Georgia authorities have launched an investigation into an allegation of systematic ballot harvesting during the state’s 2020 general election and subsequent U.S. Senate runoff and may soon issue subpoenas to secure evidence, Georgia Secretary of State Brad Raffensperger confirmed to Just the News.Read More
The superintendent of Oxford Community Schools in Michigan says all middle- and high-school students will “for the time being” be required to use clear backpacks upon their return to the classroom, following a recent, fatal school shooting.
The announcement came last week, just about one month after 15-year-old gunman Ethan Crumbley opened fire on his classmates, killing four students and injuring seven others.
Crumbley faces 24 charges including first-degree murder and terrorism resulting in death, he was charged as an adult. Crumbley’s parents, James and Jennifer, were also charged in connection to the shooting.Read More
As the long year of 2021 finally came to a close, there were a number of truths Americans on the Left found themselves privately acknowledging but unable to say in public for fear of doing damage to their political cause, their own reputations, or their sense of security. But as 2022 advances, it will become even more difficult to hide these truths.
No one wishes to speak of the “dossier” anymore. Everyone knows why: it was never a dossier. It was always a mishmash concoction of half-baked fantasies and outright lies, sloppily thrown together by the grifter and has-been ex-British spy and Trump hater, Christopher Steele—all in the pay of Hillary Clinton, the original architect of the collusion hoax.
Montana became the latest state to sell legal recreational marijuana, with its law going into effect on New Year’s Day.
While Montana residents adopted the law on Election Day in 2020 with 57% of the vote, the state legislature-passed law, which came a year later, includes provisions limiting where in the state the substance can be purchased. Under the law, those in “green counties,” where a majority of residents voted in favor in 2020, are allowed to sell the drug for recreational use, while those in “red counties,” where a majority of residents voted against legalization, are not, according to the Montana Department of Revenue.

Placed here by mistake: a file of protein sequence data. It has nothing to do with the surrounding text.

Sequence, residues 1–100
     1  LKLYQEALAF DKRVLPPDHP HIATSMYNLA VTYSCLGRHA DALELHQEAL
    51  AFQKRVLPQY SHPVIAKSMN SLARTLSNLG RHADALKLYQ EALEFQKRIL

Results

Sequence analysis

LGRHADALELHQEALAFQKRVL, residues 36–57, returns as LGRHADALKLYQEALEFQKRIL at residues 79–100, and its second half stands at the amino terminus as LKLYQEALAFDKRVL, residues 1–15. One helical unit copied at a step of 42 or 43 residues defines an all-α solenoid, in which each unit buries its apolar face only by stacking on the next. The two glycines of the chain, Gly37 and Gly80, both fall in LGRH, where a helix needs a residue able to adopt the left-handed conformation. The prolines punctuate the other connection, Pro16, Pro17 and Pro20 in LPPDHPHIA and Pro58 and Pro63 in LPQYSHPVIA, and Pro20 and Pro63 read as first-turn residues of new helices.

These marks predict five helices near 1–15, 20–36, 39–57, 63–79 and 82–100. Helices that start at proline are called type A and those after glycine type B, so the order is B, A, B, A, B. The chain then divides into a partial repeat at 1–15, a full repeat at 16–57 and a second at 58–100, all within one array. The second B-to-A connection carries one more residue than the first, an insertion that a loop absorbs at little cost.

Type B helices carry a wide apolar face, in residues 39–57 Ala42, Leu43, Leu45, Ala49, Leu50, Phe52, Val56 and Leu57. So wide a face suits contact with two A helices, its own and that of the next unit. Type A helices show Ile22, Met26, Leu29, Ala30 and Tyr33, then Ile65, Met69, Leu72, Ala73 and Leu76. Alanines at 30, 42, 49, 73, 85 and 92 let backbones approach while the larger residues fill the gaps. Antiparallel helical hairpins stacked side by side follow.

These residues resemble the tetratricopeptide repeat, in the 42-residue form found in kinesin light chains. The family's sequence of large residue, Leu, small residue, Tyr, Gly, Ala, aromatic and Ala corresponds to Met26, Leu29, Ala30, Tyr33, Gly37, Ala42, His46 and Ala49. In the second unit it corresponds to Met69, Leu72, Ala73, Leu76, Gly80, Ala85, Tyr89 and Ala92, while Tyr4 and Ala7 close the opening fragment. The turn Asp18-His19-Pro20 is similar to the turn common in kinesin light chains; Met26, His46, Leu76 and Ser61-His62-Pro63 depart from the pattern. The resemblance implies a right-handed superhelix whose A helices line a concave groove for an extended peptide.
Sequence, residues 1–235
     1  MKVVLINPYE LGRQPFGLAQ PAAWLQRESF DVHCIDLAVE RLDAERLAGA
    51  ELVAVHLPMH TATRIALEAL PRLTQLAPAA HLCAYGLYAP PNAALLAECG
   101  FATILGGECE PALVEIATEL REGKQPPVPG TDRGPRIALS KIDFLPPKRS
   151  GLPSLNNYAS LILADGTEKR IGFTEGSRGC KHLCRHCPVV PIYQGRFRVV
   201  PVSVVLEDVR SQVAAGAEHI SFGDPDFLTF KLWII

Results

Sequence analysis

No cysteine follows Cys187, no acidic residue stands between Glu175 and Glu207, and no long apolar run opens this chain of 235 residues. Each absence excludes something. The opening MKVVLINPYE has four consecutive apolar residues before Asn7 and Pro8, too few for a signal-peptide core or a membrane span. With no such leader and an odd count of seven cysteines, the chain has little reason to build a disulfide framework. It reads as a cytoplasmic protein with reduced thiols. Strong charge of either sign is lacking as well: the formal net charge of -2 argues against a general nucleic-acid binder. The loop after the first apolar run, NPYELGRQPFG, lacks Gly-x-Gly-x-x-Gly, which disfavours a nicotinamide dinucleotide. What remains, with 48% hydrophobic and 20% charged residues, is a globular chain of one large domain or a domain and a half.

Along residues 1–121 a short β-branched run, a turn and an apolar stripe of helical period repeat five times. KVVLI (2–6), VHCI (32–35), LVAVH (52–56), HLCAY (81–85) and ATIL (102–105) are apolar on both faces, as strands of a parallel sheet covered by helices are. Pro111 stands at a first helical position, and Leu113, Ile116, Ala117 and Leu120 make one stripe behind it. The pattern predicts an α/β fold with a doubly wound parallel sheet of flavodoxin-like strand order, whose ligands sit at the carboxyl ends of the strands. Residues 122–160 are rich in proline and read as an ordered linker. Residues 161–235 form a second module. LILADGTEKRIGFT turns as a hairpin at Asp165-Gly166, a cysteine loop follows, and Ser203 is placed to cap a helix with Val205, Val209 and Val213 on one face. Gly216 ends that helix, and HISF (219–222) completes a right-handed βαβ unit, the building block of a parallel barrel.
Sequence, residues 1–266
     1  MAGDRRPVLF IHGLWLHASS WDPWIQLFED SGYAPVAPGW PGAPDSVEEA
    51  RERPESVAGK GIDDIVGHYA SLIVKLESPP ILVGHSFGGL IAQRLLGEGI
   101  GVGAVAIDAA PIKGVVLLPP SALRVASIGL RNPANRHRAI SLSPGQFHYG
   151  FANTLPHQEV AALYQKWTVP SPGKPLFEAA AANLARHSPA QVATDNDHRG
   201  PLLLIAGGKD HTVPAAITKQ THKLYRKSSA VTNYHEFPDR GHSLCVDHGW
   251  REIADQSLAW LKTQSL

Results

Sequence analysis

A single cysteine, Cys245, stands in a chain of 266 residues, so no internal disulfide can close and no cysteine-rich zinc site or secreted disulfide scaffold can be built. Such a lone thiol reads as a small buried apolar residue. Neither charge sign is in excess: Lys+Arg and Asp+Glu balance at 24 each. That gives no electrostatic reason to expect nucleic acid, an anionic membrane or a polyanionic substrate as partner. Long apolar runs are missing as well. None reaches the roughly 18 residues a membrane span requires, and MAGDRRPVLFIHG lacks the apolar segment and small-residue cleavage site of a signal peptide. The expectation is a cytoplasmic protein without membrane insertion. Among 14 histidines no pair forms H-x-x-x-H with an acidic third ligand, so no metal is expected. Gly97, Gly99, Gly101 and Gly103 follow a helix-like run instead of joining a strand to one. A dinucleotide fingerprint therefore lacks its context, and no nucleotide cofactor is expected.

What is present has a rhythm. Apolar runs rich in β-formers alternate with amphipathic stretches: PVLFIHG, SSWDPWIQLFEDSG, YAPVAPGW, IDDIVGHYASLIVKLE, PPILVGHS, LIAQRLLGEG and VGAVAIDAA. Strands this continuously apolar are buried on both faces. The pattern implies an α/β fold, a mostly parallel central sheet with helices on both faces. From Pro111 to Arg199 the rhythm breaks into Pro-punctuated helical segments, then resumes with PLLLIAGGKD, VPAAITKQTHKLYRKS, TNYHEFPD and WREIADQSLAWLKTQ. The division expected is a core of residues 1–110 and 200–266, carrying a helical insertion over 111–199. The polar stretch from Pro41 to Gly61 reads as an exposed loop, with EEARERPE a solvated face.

Red county vendors are not able to sell recreational marijuana, unless they put the matter up to a county-wide vote and a majority of residents support the provision, according to the department. Licenses are required for both the sale and use of the substance.Read More
The Biden administration appears to be heading in the direction of waging a two-front Cold War over Ukraine in Eastern Europe and Taiwan in East Asia, both of which could turn “hot” any day. The imprudence of such an approach should be obvious, but the great danger is that such “crises” could get out of hand before the leaders involved step back from the brink.
Russia’s Vladimir Putin may want to extend Russia’s rule to Ukraine and other former Soviet republics, but he definitely wants to ensure the end of NATO expansion. China’s Xi Jinping, like all of his predecessors, wants Taiwan unified with the mainland, and while he would prefer to do it peacefully, he may be willing to risk war with the United States to achieve his goal–especially if he believes he can win such a war at an acceptable cost.
That leaves the Biden administration, which to date has been sending mixed signals to both Russia and China. Administration spokespersons have warned of severe consequences should Russia invade Ukraine, but President Biden has stated that those consequences will be primarily economic in the form of sanctions. Meanwhile, President Biden has stated that the United States will defend Taiwan in the event of a Chinese attack, but administration spokespersons have walked that back and reaffirmed the U.S. policy of “strategic ambiguity.” This is a recipe for confusion, misunderstanding, and possibly war on two fronts.Read More
Two of the largest cell phone providers in the country are moving forward with their original plans to launch 5G wireless service this week, even as federal officials warn that such technology could pose a risk of interfering with aviation equipment, according to Politico.
In a joint letter sent to the State Department by the CEOs of AT&T and Verizon, the executives argued that an expansion of cell phone coverage via 5G is necessary amidst the ongoing coronavirus pandemic.
“With continued COVID crises, it has never been more important that our country’s critical communications infrastructure have the spectrum needed to handle escalating traffic demands from our customers,” said AT&T’s John Stankey and Verizon’s Hans Vestberg.Read More